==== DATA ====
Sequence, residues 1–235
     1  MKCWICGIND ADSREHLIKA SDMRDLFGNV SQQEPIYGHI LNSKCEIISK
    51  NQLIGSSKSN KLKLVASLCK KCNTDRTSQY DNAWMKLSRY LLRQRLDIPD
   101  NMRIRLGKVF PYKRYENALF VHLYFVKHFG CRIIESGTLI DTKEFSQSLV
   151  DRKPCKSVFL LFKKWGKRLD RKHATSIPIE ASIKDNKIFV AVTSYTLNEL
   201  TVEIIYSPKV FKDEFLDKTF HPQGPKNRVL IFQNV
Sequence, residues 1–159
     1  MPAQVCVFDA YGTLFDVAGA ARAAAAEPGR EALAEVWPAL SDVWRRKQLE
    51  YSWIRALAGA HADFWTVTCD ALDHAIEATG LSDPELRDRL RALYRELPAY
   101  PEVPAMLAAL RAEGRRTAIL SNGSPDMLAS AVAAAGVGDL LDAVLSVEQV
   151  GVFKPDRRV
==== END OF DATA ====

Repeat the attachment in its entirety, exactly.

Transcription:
Sequence, residues 1–235
     1  MKCWICGIND ADSREHLIKA SDMRDLFGNV SQQEPIYGHI LNSKCEIISK
    51  NQLIGSSKSN KLKLVASLCK KCNTDRTSQY DNAWMKLSRY LLRQRLDIPD
   101  NMRIRLGKVF PYKRYENALF VHLYFVKHFG CRIIESGTLI DTKEFSQSLV
   151  DRKPCKSVFL LFKKWGKRLD RKHATSIPIE ASIKDNKIFV AVTSYTLNEL
   201  TVEIIYSPKV FKDEFLDKTF HPQGPKNRVL IFQNV
Sequence, residues 1–159
     1  MPAQVCVFDA YGTLFDVAGA ARAAAAEPGR EALAEVWPAL SDVWRRKQLE
    51  YSWIRALAGA HADFWTVTCD ALDHAIEATG LSDPELRDRL RALYRELPAY
   101  PEVPAMLAAL RAEGRRTAIL SNGSPDMLAS AVAAAGVGDL LDAVLSVEQV
   151  GVFKPDRRV